Two Texans Charged with Sedition in Capitol Siege

11 Oath Keepers members are accused of conspiring to oppose the transfer of presidential power by force.

Honest Austin
3 min readJan 13, 2022
Oath Keepers leader Stewart Rhodes, 56, of Granbury, TX

A federal court in Washington on Thursday unsealed charges of seditious conspiracy against 11 defendants, including two Texans, the first such charges brought in connection with the breach at the U.S. Capitol on January 6, 2021.

Although federal agents have arrested more than 700 people in connection with the events at the Capitol last year, most have faced lesser charges such as unauthorized entry into a federal building or assaulting a federal officer.

Sedition, by contrast, is an accusation of conspiring with a group of people to “overthrow, put down, or to destroy by force” the U.S. government. It’s a crime that’s been on the law books since the Civil war, but has rarely been invoked. It carries a penalty of up to 20 years in prison.

Federal agents Thursday morning arrested the founder and leader of the Oath Keepers, Stewart Rhodes, 56, in Little Elm, Texas. They also arrested Edward Vallejo, 63, in Phoenix, Arizona, and added sedition charges to nine defendants previously arrested on lesser charges, including Roberto Minuta, 47, of Prosper, Texas.

The 48-page indictment accuses the 11 defendants “plot to oppose by force the 2020 lawful transfer of presidential power,” including by preventing Certification of the Electoral College vote, which was happening at the Capitol on January 6.

The conspirators “coordinated travel across the country to enter Washington, DC, equipped themselves with a variety of weapons, donned combat and tactical gear…amassed firearms on the outskirts of Washington, DC, distributed them among ‘quick reaction force’ teams, and planned to use the firearms in support of their plot to stop the lawful transfer of presidential power.”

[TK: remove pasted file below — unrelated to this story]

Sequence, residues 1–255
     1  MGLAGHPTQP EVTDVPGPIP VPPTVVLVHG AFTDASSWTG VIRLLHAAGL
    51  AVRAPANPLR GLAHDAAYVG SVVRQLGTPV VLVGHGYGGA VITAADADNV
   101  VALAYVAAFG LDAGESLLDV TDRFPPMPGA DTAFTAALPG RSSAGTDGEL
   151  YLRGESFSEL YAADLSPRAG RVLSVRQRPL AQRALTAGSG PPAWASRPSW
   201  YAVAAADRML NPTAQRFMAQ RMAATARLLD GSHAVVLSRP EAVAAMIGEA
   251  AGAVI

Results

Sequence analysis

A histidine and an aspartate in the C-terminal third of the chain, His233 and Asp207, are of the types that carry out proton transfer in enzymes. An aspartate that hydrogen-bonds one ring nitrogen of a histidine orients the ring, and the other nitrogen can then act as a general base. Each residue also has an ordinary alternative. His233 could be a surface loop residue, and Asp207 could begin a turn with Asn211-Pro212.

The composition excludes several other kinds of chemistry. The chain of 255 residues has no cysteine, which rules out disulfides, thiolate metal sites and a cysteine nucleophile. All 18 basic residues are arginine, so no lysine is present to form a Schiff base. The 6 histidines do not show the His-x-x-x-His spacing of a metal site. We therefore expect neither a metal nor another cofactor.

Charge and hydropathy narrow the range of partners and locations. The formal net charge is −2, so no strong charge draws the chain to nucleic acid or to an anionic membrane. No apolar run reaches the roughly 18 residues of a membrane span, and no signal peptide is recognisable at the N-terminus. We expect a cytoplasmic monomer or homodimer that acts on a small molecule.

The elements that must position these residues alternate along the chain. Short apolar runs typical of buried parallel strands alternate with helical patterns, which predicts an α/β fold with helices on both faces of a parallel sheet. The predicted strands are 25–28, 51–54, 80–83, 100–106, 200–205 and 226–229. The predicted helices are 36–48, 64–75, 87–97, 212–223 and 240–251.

Numerous encrypted Signal message are cited as evidence in the indictment, and it’s unclear how federal investigators gained access to those records.

The indictment goes on to say that on the afternoon of January 6, the Oath Keepers worked in two groups (“Stack One” and “Stack Two”) to get inside the Capitol. The first joined the crowd in front of the Capitol, assaulted federal officers, and forced their way inside.

“Once inside the Capitol, Stack One entered the Rotunda and then split up. Half of Stack One tried to push their way through a line of law enforcement officers guarding a hallway that led to the Senate Chamber. Law enforcement officers forcibly repelled their advance.”

“The participants in this half of Stack One regrouped in the Rotunda and then left the building. The other half of Stack One headed toward the House of Representatives, in search of Speaker Nancy Pelosi. They did not find Speaker Pelosi and ultimately left the building.”

The second group (“Stack Two”) entered the Capitol from another entrance and forced their way past law enforcement officers trying to guard the rotunda. Other armed groups of Oath Keepers remained outside the city with as “quick reaction force” teams that were “prepared ot transport firearms and other weapons into Washington, DC, in support of operations aimed at using force to stop the lawful transfer of presidential power.”

In a news release, the U.S. Justice Department described the Oath Keepers as a “large but loosely-organized collection of individuals” with a focus on recruiting current and former military members and law enforcement officers.

Rhodes, the leader of the group, lives in Granbury, Texas. He is a former U.S. Army paratrooper, a Yale Law School graduate and a former staffer for Republican U.S. Rep. Ron Paul (R-Texas).

Originally published at on January 13, 2022.



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